The new student group GU Fossil Free made waves on campus in January by advocating for full university divestment from coal and fossil fuel within five years. Now, these same students, frustrated by administrative inaction, are looking to achieve divestment through a laudable and effective use of the student referendum.

Student referendums that arise from outside initiatives, rather than through Georgetown University Student Association senate proposals, are unusual on campus. However, they have the unique power to bring attention to relevant campus conflicts, gauge student opinion and present a powerful statement to the university administration — if they are successful.

A petition circulated by GU Fossil Free last spring garnered 1,400 signatures, proving that Georgetown students are attuned to this issue and indicating that many do value sustainability over endowment growth. While the purpose of a referendum is to come down on one side of an issue, this one gains legitimacy because its passage is not a foregone conclusion. There would be no insight gained from this referendum if it would inevitably be overwhelmingly supported or opposed. Although it takes 300 petition signatures to initiate a referendum, there is no guarantee that the vote will be one sided.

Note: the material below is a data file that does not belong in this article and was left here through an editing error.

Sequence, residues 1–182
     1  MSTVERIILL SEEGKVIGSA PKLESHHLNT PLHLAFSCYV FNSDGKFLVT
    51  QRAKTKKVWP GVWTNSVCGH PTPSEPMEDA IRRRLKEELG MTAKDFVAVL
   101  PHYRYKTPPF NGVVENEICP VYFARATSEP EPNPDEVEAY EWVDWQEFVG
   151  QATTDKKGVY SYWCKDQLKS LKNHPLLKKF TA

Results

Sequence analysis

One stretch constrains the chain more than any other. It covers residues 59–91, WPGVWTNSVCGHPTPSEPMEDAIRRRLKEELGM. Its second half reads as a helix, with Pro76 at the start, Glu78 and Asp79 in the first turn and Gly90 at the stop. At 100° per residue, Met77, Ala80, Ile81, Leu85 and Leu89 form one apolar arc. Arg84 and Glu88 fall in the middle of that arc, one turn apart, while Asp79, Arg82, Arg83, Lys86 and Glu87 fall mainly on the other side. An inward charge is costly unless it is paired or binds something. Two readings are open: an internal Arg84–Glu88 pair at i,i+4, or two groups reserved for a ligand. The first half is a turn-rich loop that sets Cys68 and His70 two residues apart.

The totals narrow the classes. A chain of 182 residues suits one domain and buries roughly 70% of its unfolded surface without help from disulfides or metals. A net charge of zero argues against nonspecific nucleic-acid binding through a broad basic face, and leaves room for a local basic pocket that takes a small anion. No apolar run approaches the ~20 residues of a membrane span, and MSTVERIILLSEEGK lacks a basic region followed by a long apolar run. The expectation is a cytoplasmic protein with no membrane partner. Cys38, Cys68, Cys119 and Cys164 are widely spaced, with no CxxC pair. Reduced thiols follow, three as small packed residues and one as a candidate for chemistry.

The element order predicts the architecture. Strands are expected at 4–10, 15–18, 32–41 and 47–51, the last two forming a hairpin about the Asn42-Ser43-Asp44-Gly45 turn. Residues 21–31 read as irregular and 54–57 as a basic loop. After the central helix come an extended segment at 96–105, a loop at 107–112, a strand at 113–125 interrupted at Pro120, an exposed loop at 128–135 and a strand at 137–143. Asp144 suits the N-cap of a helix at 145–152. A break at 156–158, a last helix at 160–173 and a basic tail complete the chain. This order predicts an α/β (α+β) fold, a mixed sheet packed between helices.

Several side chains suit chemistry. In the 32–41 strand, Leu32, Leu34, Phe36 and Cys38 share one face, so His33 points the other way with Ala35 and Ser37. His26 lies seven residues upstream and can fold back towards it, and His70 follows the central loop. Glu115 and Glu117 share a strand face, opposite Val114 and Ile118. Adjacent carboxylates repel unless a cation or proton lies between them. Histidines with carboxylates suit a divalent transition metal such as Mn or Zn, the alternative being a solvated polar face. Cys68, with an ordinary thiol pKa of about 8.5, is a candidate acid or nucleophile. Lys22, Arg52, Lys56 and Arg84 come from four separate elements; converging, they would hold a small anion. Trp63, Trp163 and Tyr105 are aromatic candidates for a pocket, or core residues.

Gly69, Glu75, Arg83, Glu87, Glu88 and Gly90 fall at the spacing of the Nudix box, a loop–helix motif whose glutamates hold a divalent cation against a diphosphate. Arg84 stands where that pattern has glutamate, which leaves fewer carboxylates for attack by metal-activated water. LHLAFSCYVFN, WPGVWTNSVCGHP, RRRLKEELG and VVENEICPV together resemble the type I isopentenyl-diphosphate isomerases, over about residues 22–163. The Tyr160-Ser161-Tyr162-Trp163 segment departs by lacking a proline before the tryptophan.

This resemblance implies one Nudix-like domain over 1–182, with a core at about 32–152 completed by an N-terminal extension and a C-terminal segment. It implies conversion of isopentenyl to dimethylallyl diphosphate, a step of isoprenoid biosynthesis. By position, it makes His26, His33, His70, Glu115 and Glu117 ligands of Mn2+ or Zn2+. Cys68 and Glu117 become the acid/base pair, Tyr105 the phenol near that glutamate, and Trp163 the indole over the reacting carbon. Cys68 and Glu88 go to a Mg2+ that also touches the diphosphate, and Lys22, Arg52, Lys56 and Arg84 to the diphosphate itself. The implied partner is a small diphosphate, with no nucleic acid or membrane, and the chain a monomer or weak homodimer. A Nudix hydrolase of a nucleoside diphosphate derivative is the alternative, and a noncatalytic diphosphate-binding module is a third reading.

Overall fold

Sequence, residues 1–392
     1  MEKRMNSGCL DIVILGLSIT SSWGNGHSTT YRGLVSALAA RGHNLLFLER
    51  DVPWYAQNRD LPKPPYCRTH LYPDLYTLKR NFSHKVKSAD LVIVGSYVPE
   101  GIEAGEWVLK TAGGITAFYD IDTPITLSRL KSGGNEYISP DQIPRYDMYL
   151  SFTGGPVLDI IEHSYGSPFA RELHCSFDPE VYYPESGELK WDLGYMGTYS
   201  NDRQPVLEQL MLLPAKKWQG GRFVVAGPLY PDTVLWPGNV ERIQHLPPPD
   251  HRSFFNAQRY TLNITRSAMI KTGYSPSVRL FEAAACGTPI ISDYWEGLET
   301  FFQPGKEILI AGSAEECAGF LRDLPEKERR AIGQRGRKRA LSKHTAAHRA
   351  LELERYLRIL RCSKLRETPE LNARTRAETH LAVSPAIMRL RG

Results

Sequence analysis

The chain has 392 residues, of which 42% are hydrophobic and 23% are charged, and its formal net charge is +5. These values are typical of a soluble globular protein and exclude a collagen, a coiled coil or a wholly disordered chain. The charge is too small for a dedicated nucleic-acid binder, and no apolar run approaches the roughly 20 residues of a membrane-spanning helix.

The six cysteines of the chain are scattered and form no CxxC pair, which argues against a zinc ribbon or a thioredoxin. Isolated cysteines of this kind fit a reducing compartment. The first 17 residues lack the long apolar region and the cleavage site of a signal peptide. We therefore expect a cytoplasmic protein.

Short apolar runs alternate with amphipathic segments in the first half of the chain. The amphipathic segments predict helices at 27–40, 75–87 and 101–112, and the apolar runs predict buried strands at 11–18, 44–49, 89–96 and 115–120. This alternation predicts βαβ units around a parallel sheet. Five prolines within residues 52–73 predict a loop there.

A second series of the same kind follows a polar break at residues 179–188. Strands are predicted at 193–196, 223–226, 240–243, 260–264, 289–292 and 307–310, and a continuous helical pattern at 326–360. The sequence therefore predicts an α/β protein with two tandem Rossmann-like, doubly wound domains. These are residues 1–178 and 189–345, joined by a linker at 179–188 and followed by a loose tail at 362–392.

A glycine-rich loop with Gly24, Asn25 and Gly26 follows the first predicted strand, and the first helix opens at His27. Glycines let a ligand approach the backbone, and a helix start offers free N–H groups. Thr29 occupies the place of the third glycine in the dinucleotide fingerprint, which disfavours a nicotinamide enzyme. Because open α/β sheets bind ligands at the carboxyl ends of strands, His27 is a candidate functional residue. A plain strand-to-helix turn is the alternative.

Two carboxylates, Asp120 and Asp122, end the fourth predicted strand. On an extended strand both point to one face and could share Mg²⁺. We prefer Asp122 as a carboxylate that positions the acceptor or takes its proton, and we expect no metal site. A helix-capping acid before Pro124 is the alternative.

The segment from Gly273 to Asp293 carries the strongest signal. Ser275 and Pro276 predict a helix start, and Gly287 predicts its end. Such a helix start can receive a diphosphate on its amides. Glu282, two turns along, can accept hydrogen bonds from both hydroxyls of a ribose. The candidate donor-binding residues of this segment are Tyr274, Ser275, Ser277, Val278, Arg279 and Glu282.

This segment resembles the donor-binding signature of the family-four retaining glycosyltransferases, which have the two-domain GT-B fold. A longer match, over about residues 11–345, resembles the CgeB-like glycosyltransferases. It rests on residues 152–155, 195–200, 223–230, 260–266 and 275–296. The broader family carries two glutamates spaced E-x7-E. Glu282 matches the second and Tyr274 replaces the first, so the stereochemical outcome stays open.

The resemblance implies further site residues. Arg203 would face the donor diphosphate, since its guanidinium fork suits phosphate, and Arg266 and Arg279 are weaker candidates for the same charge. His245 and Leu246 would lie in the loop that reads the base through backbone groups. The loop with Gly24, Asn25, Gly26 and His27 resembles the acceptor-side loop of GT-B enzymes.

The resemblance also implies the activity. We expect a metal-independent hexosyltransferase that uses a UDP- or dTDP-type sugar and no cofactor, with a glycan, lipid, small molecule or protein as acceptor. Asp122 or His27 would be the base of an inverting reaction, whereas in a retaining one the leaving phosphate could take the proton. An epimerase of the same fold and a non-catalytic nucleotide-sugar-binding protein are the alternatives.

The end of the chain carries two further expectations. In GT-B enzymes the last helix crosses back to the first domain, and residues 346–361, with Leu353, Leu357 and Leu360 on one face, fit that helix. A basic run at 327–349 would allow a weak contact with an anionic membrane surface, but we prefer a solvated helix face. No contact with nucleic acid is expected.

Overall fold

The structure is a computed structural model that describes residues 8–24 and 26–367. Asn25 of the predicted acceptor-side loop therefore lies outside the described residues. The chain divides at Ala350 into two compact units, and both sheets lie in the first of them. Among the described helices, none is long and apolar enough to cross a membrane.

Another legitimizing factor of this referendum is that it specifically pertains to university policy; it does not create legally binding contracts with a third party such as the local government. The power to act upon the referendum’s verdict, in this case, resides solely in the hands of the administration.

Though this proposal comes too late to be included on the Sept. 26 GUSA senate ballot, it is an impressive example of a student group outside of GUSA exercising its right to a referendum. This is a rare, if not unprecedented, occurrence that will hopefully inspire other groups to make similarly effective use of bringing contentious issues before the student body.

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